Labor relations are the interactions between employers and employees or their representatives and the procedure by which labor standards are negotiated, adjusted, and enforced.
What are the goals and policies of labor relations?
Ultimate Goal: In simplest terms, the Constitutional and overarching goal of labor relations is freedom from poverty.
Art. II Section 9 and 10 of the 1987 Constitution states: “the State shall… ensure the prosperity… of the nation and free the people from poverty through [strategic] policies that provide… full employment, a rising standard of living, and improved quality of life.”
“Social justice in all phases of development.” (Sec. 10) What is social justice? Social justice is ultimately socio-economic equity through access to political and economic opportunities.
What are the strategic policies to achieve these goals? These are laid down under Art. 218 of the Labor Code
- The primacy of modes of settling labor disputes such as free collective bargaining, free negotiations, voluntary arbitration, mediation, and conciliation;
- Promote free trade unionism as an instrument for the enhancement of democracy and social justice;
- Foster the organization of strong and united labor movements;
- Promote the enlightenment of workers concerning their rights and obligations.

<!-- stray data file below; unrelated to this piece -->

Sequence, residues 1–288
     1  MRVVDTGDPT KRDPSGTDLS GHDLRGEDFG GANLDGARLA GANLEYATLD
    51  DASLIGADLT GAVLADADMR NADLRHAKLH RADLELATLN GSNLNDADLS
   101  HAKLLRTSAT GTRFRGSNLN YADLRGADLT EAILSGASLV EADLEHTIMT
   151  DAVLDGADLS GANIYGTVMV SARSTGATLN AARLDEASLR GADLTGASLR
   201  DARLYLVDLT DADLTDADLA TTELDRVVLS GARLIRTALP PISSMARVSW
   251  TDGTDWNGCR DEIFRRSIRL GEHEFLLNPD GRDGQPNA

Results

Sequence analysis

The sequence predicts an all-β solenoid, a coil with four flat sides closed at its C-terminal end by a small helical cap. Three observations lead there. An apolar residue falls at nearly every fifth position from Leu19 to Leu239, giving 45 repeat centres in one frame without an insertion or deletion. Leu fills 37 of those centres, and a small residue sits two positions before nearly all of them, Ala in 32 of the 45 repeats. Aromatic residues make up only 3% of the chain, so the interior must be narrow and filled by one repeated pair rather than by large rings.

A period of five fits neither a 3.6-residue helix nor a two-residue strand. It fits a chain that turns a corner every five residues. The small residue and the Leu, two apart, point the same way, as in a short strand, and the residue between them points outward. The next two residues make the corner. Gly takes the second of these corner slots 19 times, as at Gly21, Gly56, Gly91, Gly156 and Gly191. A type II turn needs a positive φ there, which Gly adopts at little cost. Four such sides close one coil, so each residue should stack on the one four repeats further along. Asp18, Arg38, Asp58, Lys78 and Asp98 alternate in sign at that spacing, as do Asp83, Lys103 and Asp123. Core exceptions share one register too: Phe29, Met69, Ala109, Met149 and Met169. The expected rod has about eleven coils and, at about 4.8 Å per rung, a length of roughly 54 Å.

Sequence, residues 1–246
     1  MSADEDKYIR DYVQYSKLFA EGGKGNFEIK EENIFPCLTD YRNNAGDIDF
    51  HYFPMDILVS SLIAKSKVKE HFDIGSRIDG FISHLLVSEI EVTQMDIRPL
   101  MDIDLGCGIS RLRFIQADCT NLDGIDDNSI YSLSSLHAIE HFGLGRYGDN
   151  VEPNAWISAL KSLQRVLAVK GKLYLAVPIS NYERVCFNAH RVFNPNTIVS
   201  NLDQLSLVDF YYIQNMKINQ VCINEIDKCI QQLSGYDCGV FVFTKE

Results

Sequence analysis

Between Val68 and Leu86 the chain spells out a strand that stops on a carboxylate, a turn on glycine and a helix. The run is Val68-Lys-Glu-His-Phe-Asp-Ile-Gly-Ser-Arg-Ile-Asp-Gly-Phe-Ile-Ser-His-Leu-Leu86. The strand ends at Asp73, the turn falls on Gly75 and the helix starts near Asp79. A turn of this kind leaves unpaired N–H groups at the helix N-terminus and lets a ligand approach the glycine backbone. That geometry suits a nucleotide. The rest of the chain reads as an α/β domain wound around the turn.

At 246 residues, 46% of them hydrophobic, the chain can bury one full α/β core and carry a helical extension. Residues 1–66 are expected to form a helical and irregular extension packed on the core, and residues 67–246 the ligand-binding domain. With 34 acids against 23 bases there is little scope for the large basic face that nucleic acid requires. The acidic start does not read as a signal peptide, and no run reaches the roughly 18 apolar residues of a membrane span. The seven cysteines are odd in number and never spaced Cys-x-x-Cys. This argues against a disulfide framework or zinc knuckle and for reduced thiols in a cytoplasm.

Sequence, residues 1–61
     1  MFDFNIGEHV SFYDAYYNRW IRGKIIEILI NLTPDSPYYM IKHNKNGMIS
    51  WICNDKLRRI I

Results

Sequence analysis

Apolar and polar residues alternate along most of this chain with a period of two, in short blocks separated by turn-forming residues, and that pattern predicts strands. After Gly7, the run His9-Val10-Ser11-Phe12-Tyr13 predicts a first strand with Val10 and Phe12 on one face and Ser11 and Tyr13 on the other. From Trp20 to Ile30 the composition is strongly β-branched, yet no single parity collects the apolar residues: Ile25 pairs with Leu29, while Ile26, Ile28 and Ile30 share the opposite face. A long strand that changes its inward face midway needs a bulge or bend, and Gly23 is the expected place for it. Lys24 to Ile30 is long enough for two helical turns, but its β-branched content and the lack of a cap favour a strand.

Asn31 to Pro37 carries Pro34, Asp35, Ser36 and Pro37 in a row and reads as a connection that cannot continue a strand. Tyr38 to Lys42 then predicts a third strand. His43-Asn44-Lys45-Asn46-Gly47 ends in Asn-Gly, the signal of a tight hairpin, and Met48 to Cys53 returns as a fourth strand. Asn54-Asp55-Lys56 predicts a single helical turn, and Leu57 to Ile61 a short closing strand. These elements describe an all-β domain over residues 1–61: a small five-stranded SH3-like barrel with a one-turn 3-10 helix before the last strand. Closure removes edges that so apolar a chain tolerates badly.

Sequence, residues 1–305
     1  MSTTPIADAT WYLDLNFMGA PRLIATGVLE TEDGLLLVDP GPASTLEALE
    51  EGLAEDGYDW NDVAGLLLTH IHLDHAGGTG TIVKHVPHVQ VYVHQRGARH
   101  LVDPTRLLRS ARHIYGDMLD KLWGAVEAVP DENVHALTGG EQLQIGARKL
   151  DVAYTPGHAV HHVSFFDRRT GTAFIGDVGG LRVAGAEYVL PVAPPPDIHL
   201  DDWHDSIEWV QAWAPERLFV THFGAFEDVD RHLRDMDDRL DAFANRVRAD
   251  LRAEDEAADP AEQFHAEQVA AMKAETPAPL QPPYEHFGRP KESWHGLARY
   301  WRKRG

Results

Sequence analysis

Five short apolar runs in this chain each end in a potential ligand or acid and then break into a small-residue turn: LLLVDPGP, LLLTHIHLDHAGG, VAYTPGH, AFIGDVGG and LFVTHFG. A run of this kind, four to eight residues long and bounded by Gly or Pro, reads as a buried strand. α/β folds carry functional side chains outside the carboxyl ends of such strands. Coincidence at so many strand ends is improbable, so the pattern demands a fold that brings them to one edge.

Labor relations vs. Labor standards
As to concerns, labor standards concerns with the terms and conditions of employments; while labor relations concerns representation of persons in negotiating, fixing, or changing the terms or conditions of employment.
As to purpose: Labor standards’ purpose is to financial and security protections of the laborers; while labor relations’ is the balancing of interests of employers and employees;
As to enforcement: Labor standards is enforced by government bodies; while labor relations are governed by agreements between unions and employers.
What are the perspectives in labor relations in the private sector?
- Principle of participation – the right of workers to participate in the decision and strategic policy-making processes under Art. 219;
- Organization and action – the workers may organize to be come a legal entity in order to acquire rights that are legally demandable such as communicating as a group with the employer;
- Collective contract – the union is where workers can speak as one voice. The union and the employer will then negotiate and come up with a contract called Collective Bargaining Agreement (CBA);
- Dispute handling – the employer and the employees themselves must deal with their problems in a manner most comfortable to them. This is encouraged even without a union. If this in-house mechanism fails, the parties are free to select any third party to resolve their differences.
- Work stoppage – if the work is stopped by the employees, this is “strike.” If by the employer, it is called as a “lockout.” These are legal rights but these are strictly regulated because labor is imbued with public interest. No form of violence is ever allowed.